1. Thanksgiving is pretty traditional...turkey and all the trimmings. Christmas Eve, the whole family gets together for either country ham and sweet potato biscuits OR Whole roasted beef tenderloin with fresh rolls slathered in horseradish sauce. We round out the menu with a crockpot full of collard greens, cheeses, antipasti tray, meatballs and the Christmas cookies and fudge. We wash it all down with copious amounts of alcohol and homemade eggnog...for the brave. Christmas Day we're on our own to do with as we please. Fiancee' and I usually make a big pot of soup or roast some oysters. Nothing fancy, just damn good.

                        1. In my family, Thanksgiving can vary a bit. We always have turkey, we always have giblet gravy, and we always have sage and bread stuffing, but apart from that, the rest is a bit of a "ooh, I saw an interesting recipe in ..." But Christmas, Christmas dinner is SACRED. Prime rib, garlic potatoes au gratin, persimmon pudding. Gravlax as an hors d'oeuvre, and some spinach dish -- usually creamed.

                          Christmas day breakfast is also traditional with pancakes and turkey gravy, but Christmas eve varies. I've been trying to start a tradition for a seafood stew and champagne. We had oyster stew two years ago, and last year this absolutely fantastic crab stew from Food and Wine.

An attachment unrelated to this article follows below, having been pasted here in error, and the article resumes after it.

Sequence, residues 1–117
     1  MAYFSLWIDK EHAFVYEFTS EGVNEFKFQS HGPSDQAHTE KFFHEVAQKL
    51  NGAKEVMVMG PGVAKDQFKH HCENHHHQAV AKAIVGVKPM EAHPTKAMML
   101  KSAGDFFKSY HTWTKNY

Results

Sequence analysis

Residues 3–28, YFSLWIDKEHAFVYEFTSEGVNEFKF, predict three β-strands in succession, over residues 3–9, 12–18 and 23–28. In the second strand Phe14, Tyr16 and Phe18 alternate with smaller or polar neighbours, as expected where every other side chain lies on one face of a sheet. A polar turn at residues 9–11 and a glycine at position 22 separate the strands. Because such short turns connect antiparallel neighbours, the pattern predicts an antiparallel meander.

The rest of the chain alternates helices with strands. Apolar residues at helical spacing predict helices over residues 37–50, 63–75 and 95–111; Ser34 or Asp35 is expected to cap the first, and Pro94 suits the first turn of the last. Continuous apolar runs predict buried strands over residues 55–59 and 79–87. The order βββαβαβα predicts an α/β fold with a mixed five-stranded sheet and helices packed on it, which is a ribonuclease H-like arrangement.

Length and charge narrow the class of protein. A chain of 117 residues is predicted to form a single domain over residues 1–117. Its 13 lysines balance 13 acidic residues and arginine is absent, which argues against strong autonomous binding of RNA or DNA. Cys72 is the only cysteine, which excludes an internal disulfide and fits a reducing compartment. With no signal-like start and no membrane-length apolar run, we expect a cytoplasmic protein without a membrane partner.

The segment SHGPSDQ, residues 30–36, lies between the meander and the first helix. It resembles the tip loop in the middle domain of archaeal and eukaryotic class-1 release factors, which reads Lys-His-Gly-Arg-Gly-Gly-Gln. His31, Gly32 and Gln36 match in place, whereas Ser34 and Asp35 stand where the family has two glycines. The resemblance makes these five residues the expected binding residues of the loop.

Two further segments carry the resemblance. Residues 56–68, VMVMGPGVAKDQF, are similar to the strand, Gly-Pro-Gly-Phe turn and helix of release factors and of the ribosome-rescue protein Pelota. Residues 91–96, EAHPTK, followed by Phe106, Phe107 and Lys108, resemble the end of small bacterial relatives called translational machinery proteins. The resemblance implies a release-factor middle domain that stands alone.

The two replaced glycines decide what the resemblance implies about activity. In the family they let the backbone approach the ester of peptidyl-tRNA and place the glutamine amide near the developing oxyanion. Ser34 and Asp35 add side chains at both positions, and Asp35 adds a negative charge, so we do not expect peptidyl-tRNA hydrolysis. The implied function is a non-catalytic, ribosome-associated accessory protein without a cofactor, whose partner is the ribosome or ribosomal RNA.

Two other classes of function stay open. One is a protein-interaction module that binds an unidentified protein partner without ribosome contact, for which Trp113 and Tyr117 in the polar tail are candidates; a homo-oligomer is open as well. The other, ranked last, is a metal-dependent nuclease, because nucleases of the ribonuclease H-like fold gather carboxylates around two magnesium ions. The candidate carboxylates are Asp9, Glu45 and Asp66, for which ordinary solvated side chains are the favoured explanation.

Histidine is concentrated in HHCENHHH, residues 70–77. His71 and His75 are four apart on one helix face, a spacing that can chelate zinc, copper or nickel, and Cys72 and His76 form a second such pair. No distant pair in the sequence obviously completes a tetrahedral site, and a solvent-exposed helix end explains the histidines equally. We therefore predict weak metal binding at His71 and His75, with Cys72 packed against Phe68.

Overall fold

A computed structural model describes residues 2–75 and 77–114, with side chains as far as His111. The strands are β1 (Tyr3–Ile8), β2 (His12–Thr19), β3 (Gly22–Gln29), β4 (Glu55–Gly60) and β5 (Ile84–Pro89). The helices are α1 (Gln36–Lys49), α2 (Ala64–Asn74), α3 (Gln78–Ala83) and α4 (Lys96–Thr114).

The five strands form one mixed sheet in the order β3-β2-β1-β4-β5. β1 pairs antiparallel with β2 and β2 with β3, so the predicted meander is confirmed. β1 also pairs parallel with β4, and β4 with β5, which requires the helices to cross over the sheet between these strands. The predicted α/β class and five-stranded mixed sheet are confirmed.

1. We pretty much do the French Canadian Tourtiere for Christmas Eve dinner. Taste of home but back in NY state just across the border. Last Christmas Eve I got the pie made and put it out on the table on my screened porch to cool until baking time. We have 3 standard poodles and my youngest had manners to learn and to her everything needs to be tasted, a true chowhound. Time came to put the pie in the oven. My DH went out to the porch to bring it in. When he came in he looked a bit surprised and asked if the pie had looked as it did then when I put it out on the porch. Well no! Half of the mashed potato topping was missing. The Loulou had discovered a hole she could get through and had helped herself. We kept wondering why she insisted on going back out the minute she came back in but was smart enough to demand to come in through a different door than the one to the porch. We baked it off anyway and it was tasty with the gravy. This year, no holes in the screening and the Loulou (very aptly named poodle) will have to go with out her gratis mashed potato.